Global Privacy Protection
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Global Privacy Protection

The First Generation

Edited by James B. Rule

Global Privacy Protection reviews the origins and history of national privacy codes as social, political and legal phenomena in Australia, France, Germany, Hong Kong, Hungary, South Korea and the United States. The first chapter reviews key international statements on privacy rights, such as the OECD, EU and APEC principles. In the following chapters, the seven national case studies present and analyze the widest variety of ‘privacy stories’ in an equally varied array of countries. They look beyond the details of what current national data-protection laws allow and prohibit to examine the origins of public concern about privacy; the forces promoting or opposing privacy codes; the roles of media, grassroots activists and elite intervention; and a host of other considerations shaping the present state of privacy protection in each country.
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Chapter 2: The United States

Priscilla M. Regan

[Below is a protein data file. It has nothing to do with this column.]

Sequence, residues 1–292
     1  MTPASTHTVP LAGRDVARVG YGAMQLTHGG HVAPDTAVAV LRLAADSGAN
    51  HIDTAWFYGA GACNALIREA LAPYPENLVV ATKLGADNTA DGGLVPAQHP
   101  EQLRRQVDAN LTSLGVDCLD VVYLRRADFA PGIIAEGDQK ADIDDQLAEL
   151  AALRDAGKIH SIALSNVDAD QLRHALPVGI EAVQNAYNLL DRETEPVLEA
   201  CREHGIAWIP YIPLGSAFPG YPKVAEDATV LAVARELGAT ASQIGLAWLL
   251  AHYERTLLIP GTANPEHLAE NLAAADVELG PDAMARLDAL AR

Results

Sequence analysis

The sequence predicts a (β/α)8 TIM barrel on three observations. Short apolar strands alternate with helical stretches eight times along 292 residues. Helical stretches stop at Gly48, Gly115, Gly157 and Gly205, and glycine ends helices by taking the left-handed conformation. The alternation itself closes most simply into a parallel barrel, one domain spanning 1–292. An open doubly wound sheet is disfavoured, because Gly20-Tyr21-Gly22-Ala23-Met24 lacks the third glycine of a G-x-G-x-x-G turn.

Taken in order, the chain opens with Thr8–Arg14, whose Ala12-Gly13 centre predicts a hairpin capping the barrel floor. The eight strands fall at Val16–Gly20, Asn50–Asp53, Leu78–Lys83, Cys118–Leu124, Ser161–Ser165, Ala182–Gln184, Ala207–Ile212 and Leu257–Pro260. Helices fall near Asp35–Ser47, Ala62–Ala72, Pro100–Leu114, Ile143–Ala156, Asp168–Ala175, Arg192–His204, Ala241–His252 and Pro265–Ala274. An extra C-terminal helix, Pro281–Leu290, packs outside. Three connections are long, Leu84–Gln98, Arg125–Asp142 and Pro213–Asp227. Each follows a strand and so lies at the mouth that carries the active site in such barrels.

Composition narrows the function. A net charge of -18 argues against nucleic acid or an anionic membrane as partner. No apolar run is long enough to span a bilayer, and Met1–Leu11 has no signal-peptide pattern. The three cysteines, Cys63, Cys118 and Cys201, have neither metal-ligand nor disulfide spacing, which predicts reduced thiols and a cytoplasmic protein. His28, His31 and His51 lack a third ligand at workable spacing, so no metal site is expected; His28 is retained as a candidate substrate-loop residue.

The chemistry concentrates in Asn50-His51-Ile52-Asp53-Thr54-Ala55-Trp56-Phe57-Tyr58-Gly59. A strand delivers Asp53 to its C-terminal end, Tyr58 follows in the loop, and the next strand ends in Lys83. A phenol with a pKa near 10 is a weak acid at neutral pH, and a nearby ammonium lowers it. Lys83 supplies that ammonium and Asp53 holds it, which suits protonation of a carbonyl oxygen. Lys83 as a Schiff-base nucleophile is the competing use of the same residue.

Priscilla M. Regan In 1989, a young California actress, Rebecca Shaeffer, was stalked and shot to death by an obsessed fan who obtained her home address from the California Department of Motor Vehicles (DMV). The death of this celebrity drew media attention to the problem of stalking and to the myriad databases of personal information that could be used to find someone. In this case, the focus of attention turned to drivers’ license records, maintained by the 50 states and considered in most states to be a public record database that could be accessed for a fee. In 1994 Congress passed the Driver’s Privacy Protection Act (DPPA) to restrict access to such information including name, address, telephone number, photograph, and medical or disability information. The DPPA was introduced in the Senate by Barbara Boxer (D-CA) and in the House by Jim Moran (DVA) both of whom had constituents who had been victims of releases of information from state DMVs. Direct marketers, private investigators and the media all lobbied against the DPPA. As soon as the law became effective in September 1997, the state of South Carolina sued claiming that the law violated the Tenth Amendment which states that powers not delegated to Congress are reserved to the states. A federal district court in South Carolina agreed and enjoined enforcement of the DPPA in South Carolina stating that ‘the states have been, and remain, the sovereigns responsible for maintaining motor-vehicle records, and these records constitute property of the states’. The Court...

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